Monitoring the microbiome for food safety and quality using deep
Running Title: Monitoring the microbiome for food safety and quality
Kristen L. Beck1,8*+, Niina Haiminen2,8+, David Chambliss1,8, Stefan Edlund1,8, Mark Kunitomi1,8,
B. Carol Huang3,8, Nguyet Kong3,8, Balasubramanian Ganesan4,5,8, Robert Baker4,8, Peter
Markwell4,8, Ban Kawas1,8, Matthew Davis1,8, Robert J. Prill1,8, Harsha Krishnareddy1,8, Ed
Seabolt1,8, Carl H. Marlowe6,8, Sophie Pierre7,8, André Quintanar7,8, Laxmi Parida2,8, Geraud
Dubois1,8, James Kaufman1,8, and Bart C. Weimer3,8*
Contact information: Kristen L. Beck, IBM Almaden Research Center, 650 Harry Road, San Jose
CA, 95120 USA, email@example.com, +1 408-927-1963
1IBM Almaden Research Center, San Jose CA
2IBM T.J. Watson Research Center, Yorktown Heights, NY
3University of California Davis, School of Veterinary Medicine, 100K Pathogen Genome Project,
Davis, CA 95616
4Mars Global Food Safety Center, Beijing, China
5Wisdom Health, A Division of Mars Petcare, Vancouver WA.
was not certified by peer review) is the author/funder. All rights reserved. No reuse allowed without permission.
The copyright holder for this preprint (whichthis version posted May 19, 2020. . https://doi.org/10.1101/2020.05.18.102574doi: bioRxiv preprint
6Bio-Rad Laboratories, Hercules CA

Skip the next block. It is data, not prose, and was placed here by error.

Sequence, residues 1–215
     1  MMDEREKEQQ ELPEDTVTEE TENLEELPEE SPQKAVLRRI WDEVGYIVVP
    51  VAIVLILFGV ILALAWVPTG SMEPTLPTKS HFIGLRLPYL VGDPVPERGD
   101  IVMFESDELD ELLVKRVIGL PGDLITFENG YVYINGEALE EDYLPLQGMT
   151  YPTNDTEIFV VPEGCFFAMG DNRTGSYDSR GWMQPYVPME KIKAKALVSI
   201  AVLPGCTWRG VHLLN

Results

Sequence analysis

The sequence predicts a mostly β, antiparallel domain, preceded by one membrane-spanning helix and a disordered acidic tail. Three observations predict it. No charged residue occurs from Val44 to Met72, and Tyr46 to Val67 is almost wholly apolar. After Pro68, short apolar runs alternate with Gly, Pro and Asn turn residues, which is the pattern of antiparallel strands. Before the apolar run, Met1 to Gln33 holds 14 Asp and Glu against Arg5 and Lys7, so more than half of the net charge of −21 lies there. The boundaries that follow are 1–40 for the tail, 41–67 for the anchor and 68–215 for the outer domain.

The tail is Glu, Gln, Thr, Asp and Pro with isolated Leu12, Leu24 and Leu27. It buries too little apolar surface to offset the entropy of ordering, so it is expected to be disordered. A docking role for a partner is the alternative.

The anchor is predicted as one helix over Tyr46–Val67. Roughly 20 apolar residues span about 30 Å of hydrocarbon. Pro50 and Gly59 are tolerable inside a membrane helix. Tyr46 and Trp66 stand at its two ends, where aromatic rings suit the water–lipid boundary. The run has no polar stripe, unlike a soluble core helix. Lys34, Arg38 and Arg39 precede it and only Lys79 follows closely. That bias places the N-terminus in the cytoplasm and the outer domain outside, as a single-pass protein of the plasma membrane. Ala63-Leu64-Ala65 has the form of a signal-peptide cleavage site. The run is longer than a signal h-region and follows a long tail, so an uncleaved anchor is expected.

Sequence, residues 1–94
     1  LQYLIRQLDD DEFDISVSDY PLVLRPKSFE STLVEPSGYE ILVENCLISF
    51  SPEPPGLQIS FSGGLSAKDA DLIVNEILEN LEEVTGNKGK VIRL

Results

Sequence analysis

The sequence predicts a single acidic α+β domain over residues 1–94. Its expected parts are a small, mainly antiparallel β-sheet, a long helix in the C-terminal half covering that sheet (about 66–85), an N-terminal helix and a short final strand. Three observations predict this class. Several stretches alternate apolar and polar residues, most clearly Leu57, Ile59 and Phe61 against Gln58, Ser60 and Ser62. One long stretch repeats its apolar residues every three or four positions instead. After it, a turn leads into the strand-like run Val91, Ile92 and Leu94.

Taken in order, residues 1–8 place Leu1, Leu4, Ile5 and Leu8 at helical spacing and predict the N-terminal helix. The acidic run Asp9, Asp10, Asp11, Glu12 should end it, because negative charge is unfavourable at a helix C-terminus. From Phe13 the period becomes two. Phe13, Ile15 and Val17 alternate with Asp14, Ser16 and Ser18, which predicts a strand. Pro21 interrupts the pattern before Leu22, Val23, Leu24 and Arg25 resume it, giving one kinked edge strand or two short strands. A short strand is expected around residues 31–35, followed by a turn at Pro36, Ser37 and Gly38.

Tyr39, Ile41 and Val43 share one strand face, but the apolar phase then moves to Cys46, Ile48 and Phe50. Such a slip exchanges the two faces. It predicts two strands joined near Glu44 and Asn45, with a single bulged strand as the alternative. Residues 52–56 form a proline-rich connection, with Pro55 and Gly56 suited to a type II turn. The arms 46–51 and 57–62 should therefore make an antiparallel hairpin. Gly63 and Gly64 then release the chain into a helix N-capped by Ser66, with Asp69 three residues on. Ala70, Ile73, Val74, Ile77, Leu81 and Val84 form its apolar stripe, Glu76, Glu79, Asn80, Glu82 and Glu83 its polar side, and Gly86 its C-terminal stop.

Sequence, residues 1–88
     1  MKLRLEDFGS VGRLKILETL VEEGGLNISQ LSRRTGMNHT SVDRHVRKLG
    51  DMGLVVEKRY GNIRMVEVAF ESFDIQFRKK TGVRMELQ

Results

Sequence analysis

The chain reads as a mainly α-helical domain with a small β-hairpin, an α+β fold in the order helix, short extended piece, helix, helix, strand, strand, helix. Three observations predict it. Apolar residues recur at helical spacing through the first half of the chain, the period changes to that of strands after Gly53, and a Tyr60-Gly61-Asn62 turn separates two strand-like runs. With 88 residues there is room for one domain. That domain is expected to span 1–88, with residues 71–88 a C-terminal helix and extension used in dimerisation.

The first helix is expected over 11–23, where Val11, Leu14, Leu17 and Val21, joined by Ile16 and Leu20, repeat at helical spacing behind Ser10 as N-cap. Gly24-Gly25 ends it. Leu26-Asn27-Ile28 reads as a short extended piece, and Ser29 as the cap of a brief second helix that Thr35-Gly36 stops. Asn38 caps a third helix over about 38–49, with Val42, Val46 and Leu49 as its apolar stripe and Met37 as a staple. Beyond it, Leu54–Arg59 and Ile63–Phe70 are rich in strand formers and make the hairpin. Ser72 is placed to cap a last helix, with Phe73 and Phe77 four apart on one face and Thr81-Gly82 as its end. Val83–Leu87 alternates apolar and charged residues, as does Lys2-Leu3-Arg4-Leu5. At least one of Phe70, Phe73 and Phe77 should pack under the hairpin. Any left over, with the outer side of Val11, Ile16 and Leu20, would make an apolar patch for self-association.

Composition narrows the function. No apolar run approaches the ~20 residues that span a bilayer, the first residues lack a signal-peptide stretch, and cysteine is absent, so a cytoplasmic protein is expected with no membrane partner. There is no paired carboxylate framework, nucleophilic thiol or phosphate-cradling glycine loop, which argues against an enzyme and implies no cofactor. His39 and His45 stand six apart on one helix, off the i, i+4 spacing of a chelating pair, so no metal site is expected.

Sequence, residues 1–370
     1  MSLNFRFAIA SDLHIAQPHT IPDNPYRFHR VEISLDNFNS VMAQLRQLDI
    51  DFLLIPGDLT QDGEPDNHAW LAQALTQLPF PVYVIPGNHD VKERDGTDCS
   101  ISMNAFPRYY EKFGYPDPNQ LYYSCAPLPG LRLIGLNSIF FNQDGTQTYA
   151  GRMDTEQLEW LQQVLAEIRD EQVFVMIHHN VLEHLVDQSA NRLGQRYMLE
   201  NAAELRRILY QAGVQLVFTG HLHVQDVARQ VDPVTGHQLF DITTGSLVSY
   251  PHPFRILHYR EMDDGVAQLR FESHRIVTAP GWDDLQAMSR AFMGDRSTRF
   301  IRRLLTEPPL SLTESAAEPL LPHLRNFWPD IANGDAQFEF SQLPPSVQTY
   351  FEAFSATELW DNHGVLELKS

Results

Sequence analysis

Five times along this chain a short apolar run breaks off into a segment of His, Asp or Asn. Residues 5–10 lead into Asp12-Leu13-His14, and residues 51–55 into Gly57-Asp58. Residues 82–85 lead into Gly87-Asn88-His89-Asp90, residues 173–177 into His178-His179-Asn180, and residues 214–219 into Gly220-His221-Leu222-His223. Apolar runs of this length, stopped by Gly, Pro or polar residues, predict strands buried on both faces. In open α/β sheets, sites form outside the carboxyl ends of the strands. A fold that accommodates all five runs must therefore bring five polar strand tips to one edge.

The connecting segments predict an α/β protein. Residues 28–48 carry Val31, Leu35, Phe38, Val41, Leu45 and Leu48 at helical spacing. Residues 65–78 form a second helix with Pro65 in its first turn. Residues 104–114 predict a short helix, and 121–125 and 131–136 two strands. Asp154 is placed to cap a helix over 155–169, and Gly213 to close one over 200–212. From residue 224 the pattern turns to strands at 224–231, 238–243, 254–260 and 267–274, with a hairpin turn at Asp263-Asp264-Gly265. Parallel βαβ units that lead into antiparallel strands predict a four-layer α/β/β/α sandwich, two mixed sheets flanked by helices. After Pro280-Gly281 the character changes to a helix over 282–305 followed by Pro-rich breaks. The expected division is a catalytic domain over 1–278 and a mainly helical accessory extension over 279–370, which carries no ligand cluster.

7Bio-Rad, Food Science Division, MArnes-La-Coquette, France
8Consortium for Sequencing the Food Supply Chain, San Jose, CA
In this work, we hypothesized that shifts in the food microbiome can be used as an indicator of
unexpected contaminants or environmental changes. To test this hypothesis, we sequenced total
RNA of 31 high protein powder (HPP) samples of poultry meal pet food ingredients. We
developed a microbiome analysis pipeline employing a key eukaryotic matrix filtering step that
improved microbe detection specificity to >99.96% during in silico validation. The pipeline
identified 119 microbial genera per HPP sample on average with 65 genera present in all
samples. The most abundant of these were Bacteroides, Clostridium, Lactococcus, Aeromonas,
and Citrobacter. We also observed shifts in the microbial community corresponding to
ingredient composition differences. When comparing culture-based results for Salmonella with
total RNA sequencing, we found that Salmonella growth did not correlate with multiple
sequence analyses. We conclude that microbiome sequencing is useful to characterize complex
food microbial communities, while additional work is required for predicting specific species’
viability from total RNA sequencing.
microbiome, food safety, bioinformatics, shotgun sequencing, microbial ecology, pathogens